Probably the main two things to be aware of when it comes to grief are: (1) there’s no one way to deal with loss, because we all experience grief and loss differently based on the situation and our own attitudes/beliefs, and (2) grief is often best-described as being like a rollercoaster; it is very unlikely you’ll experience it as a straight line from beginning to end, but instead it’s more likely that you’ll be up, down, and all over the place for quite a while, so it’s a case of taking things one day at a time, feeling what you need to feel and being gentle with yourself.
For a straightforward overview of grief, have a read through the guide by Headspace (Australia) titled ‘Dealing with grief and loss & the effects on mental health’ which I’ll include the link to in the transcript on the website (source link: https://headspace.org.au/young-people/dealing-with-grief-and-loss-and-the-effects-on-mental-health/); it’s a good overview if you’re interested.
Things you can do to manage your mental health during times of grief
With that in mind, let’s talk through some specific things you can do to manage your mental health during times of grief and loss.
- Allow yourself to grieve. Sometimes the temptation can be to throw ourselves into something else to get past the intense feelings of loss and sadness, however grief is an important process because we need to work through it to heal and to find a way to live with this new reality. Take your time and feel what you need to feel.
- If you need to cry, then cry. It can be an excellent release (but don’t feel guilt if you want to cry but can’t – sometimes the body just does what it does). There is absolutely no shame in crying, regardless of age or gender, and I’m not embarrassed to admit that I bawled my eyes out several times a day for the first couple of weeks after Pushka died recently, just like I have when I’ve lost friends or family members in the past. You’re human, not a robot.
- Be kind to yourself. Especially when there is guilt involved, which can happen even in spite of any objective evidence or knowledge. When we had to make the choice to either put our cat to sleep or to let her suffer because of her failing kidneys, we knew the only fair decision that we could have made was to let her go peacefully – but that didn’t stop the overwhelming sense of guilt that I had to work through in the days that followed. Often when we’re experiencing loss, we find ourselves second-guessing the decisions that we’ve made and ruminating over past actions… but however hard we might try, we cannot change what has happened. Things are as they are, and we have to be kind to ourselves because playing the “what-if?” game just causes more heartache. You made the best choices that you could based on what you knew at the time, and unfortunately sometimes things just don’t turn out for the best. Instead of blaming yourself, forgive yourself.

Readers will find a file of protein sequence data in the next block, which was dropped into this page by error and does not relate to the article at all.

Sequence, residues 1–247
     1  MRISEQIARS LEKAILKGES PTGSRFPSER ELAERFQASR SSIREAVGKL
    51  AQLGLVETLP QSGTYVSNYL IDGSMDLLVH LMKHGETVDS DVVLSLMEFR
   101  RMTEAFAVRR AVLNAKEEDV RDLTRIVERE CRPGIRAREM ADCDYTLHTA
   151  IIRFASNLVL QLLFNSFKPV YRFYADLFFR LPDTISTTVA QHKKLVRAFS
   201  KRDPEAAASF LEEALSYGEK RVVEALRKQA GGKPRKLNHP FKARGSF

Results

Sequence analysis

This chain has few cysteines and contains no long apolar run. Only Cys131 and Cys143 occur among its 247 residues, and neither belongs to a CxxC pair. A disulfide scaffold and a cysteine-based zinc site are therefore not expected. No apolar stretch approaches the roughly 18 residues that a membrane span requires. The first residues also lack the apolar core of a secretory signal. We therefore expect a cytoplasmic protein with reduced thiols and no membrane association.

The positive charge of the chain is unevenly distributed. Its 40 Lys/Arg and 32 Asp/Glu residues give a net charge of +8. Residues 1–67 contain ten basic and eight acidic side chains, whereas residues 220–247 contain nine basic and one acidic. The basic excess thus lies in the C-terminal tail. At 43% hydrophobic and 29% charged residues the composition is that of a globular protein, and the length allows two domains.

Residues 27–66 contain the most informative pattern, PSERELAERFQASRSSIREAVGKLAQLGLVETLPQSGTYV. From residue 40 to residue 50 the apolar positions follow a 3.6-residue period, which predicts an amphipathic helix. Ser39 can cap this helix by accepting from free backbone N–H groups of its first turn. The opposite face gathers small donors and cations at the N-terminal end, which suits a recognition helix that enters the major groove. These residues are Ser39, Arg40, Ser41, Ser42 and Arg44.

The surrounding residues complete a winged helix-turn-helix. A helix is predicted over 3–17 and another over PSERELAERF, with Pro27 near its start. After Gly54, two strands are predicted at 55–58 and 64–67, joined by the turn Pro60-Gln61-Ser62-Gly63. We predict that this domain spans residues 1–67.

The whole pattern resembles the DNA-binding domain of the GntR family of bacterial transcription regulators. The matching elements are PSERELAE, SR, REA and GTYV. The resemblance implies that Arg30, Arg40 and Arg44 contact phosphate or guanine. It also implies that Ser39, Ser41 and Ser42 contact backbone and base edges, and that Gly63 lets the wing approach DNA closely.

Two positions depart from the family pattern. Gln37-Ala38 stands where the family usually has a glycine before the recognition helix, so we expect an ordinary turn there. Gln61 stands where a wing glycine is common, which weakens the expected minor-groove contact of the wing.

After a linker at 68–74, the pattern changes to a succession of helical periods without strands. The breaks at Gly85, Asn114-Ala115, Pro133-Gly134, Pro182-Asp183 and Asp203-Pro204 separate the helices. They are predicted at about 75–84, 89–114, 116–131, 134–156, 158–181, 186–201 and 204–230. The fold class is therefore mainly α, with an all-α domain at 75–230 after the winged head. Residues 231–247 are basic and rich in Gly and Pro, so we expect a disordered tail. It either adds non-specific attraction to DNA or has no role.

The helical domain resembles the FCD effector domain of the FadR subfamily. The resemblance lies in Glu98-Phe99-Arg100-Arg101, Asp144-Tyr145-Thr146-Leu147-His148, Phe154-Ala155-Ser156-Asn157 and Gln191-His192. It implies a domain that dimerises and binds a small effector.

- Take things one step at a time. It’s really important to take things at your own pace – forget one day at a time; during the earlier stages of bereavement it can be more like one minute at a time. Your emotions are probably going to be all over the place and that’s completely normal, because your mind is trying to make sense of the loss you’ve experienced and integrate this knowledge into the way it sees the world. Take your time.
- If you need to be alone, be alone. If you need company, find company. Ideally, find a balance – too much of either can be just too much and make things harder for you, but again take things at your own pace.
- Look after yourself and practice self-care. Rest, sleep, gentle physical activity, eat well (I mean, I’m no saint with this – after losing my cat I ate every bit of junk food I could get my hands on, so…). But take the time for self-care and again be gentle with yourself – these awful feelings won’t last forever, but they’re not going to just go away overnight. For tips on self-care, check out Episode Six of Let’s Talk About Mental Health.
- Make decisions that are right for you based on the situation. If it’s the loss of a family member and that means taking time out so you can work through everything you need to work through, then do what feels right for you. If you have to make decisions that might make you feel guilty – for example, having to decide you can’t attend a funeral far away because of financial constraints – then let go of guilt and know that you’re doing the best you can.
- Work towards acceptance. As hard as it might be, especially in the early stages of bereavement, the reality is that circumstances can’t be changed. Gently remind yourself that accepting things as they are will help you to come to terms with the reality of the situation, which is important because that helps you to find ways to move forward one step at a time.
- Get some support. Talk to a friend or family member. Call a hotline (for example a professional grief counselling service, like GriefLine here in Australia). Go see your doctor or a therapist. You don’t have to go through this alone. Also, if you’re experiencing intense feelings of grief for weeks and weeks on end and are struggling to cope, it’s really important that you see someone because it can potentially be a sign of deteriorating mental health, which might require professional assistance and intervention. It’s okay to ask for help (in fact, we encourage that here at Let’s Talk About Mental Health!)